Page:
Our take on part of the Senate hearings last week to renew the Patriot Act

"Watch-list 'justice'", in the Washington Times, responds to claims by Schumer and Kennedy last week.

OhioCCW one-year anniversary stories blanket newspapers

4/10/2005

Notice of Terms of Use for this website

On Ohio's Right-to-Carry Law's One Year Anniversary Nothing Surprising

Maybe the Liberals used the gun registry program to siphon money to the party because they never really believed in program

So much for competitive bidding. One thing to keep in mind when reading all these news stories is that Paul Martin, the current Prime Minister, was finance minister for eight years. This is how the gun registry contract was awarded:

In yet another major allegation in a scandal that has jolted the country, former Groupaction employee Alain Renaud said he had the ear of Jean Pelletier, Chretien's chief of staff from 1993 to 2001. Renaud also alleged the right-hand man to former public works minister Alfonso Gagliano personally intervened in 2000 to prevent Groupaction from losing $20 million in sponsorship contracts. The inquiry was told Chretien's one-time riding organizer, Michel Beliveau, was the point man between Renaud and Pelletier, a good friend of Chretien, whenever Groupaction sought more contracts. "I saw Mr. Beliveau call Mr. Pelletier directly in his (Beliveau's) office," Renaud said under questioning from chief inquiry counsel Bernard Roy. . . . Renaud said Groupaction landed the lucrative gun registry contract in the mid-1990s because the firm was close to Jacques Corriveau, a graphic designer and friend of the former prime minister.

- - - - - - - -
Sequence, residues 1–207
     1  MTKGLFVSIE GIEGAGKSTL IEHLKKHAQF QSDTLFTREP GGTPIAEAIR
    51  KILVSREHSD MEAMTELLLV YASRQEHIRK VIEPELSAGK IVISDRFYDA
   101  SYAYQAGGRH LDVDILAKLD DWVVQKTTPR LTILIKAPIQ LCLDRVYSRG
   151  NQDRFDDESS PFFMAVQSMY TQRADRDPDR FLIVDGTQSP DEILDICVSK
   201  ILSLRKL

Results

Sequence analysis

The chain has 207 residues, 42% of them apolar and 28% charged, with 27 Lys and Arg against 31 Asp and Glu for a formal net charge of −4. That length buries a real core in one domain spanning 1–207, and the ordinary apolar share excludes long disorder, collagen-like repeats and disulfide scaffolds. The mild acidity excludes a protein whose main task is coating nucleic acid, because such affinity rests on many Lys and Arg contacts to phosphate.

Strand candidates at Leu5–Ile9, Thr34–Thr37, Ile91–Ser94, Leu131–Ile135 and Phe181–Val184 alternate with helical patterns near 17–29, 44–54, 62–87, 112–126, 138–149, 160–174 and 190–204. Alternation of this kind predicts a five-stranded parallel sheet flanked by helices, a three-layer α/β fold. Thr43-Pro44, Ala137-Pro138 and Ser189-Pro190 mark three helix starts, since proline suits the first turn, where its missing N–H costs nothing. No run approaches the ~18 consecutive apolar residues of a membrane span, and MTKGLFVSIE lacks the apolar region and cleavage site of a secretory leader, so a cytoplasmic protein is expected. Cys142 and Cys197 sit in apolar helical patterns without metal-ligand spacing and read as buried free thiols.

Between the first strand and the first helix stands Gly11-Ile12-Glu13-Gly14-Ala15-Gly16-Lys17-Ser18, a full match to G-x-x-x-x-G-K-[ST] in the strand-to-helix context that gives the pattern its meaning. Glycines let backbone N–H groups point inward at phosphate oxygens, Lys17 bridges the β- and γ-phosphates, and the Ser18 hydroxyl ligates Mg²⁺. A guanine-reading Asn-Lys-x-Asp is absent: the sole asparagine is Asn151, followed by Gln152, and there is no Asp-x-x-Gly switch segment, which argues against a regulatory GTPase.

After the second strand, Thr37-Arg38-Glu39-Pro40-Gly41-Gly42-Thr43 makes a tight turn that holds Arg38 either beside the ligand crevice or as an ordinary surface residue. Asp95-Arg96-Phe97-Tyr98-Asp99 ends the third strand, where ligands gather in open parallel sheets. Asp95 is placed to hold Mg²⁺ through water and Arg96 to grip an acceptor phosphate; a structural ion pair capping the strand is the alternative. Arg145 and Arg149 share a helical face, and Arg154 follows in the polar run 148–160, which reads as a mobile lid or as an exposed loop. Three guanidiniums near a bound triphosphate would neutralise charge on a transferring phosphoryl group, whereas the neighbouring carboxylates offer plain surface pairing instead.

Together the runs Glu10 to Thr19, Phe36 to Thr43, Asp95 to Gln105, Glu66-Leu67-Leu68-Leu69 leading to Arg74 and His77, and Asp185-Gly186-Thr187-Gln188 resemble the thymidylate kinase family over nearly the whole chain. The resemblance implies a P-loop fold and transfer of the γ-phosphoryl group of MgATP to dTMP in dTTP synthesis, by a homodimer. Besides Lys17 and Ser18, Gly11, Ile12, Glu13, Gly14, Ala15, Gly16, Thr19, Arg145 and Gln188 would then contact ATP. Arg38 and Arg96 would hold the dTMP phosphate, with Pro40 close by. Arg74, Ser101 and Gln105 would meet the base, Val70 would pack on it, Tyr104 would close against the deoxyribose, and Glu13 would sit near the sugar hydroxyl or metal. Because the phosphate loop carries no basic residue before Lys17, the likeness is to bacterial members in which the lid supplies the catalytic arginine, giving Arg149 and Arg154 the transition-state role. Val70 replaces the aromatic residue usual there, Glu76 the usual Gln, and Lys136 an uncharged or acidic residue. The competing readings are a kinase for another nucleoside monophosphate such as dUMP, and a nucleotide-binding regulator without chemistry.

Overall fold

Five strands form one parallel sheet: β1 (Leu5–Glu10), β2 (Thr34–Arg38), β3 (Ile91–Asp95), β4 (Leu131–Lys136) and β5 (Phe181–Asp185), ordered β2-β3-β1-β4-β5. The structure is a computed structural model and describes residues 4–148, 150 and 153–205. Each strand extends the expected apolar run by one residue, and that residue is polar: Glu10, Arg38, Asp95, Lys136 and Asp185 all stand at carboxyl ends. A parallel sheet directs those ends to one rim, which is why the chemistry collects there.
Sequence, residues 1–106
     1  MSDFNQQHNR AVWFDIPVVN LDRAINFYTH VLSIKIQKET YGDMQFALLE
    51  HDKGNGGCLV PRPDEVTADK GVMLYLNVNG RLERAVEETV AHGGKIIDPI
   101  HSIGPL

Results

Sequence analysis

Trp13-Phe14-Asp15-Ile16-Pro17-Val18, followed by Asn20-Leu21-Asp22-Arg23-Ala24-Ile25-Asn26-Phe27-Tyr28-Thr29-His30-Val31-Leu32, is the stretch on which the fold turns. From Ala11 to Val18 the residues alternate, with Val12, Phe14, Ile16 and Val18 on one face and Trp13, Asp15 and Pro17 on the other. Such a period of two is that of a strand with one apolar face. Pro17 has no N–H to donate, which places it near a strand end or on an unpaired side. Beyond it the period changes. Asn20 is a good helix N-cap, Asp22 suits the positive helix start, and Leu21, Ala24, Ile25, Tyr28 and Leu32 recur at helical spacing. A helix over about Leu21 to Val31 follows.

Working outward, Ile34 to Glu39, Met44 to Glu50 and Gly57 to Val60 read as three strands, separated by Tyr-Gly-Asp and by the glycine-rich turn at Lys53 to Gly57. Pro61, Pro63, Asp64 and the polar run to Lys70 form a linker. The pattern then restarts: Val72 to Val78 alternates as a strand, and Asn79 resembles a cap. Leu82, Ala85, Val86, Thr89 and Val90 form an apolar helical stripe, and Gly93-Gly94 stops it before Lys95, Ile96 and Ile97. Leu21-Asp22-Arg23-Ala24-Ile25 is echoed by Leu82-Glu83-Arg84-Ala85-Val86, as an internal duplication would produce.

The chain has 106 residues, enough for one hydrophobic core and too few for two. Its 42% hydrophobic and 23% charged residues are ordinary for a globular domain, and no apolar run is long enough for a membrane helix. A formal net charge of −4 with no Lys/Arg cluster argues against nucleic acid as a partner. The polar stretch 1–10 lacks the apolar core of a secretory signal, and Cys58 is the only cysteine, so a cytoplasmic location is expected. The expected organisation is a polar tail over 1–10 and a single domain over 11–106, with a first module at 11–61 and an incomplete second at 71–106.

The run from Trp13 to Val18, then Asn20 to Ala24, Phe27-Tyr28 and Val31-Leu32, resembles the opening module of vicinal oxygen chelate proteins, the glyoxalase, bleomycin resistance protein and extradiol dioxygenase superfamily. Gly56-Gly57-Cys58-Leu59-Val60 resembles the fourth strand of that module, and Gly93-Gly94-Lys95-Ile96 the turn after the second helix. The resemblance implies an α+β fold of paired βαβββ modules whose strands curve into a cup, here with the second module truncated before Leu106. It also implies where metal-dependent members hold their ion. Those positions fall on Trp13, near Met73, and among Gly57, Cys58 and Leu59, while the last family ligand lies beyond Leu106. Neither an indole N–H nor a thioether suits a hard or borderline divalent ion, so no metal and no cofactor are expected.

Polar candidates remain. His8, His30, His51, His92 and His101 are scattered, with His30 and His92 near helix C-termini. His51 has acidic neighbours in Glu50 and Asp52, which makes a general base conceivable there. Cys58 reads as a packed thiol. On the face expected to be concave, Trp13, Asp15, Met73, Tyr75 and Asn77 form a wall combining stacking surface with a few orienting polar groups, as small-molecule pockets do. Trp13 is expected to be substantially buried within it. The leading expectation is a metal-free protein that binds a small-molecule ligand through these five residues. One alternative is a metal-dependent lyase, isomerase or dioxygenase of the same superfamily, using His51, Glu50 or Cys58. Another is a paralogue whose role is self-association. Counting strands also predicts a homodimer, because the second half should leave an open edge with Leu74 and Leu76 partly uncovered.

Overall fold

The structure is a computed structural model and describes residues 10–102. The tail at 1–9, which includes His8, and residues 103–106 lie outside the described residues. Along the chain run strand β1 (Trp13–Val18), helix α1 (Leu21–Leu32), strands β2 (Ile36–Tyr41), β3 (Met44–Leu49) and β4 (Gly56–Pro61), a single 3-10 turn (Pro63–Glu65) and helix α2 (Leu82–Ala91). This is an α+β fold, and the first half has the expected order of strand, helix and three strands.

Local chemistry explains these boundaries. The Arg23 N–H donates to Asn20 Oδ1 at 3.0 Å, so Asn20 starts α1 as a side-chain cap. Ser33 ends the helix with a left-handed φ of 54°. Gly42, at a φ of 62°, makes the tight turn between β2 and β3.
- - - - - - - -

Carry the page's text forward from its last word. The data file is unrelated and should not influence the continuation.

The tip of the "The iceberg"


If Adscam was the only problem Paul Martin faced, notes Greg Weston, he'd be in trouble. But things may be far, far worse than that ... Investigations by the auditor general and now the Gomery inquiry point to potentially widespread bid-rigging.


Another description of how the Canadian government operated with respect to the gun registry:

Mr. Brault's description of the Liberal machine at work in the province — wherein businessmen like him greased the wheels of the party with everything from envelopes of cash to bogus hirings so that party faithful were paid as they worked on election campaigns, to completely fraudulent invoices, and who were in exchange rewarded with lucrative contracts that they promptly inflated to make up for the dough they were pouring into party coffers — suggests the federal organization is less a political party than, as Conservative Peter MacKay said in the House yesterday, a criminal organization. . . .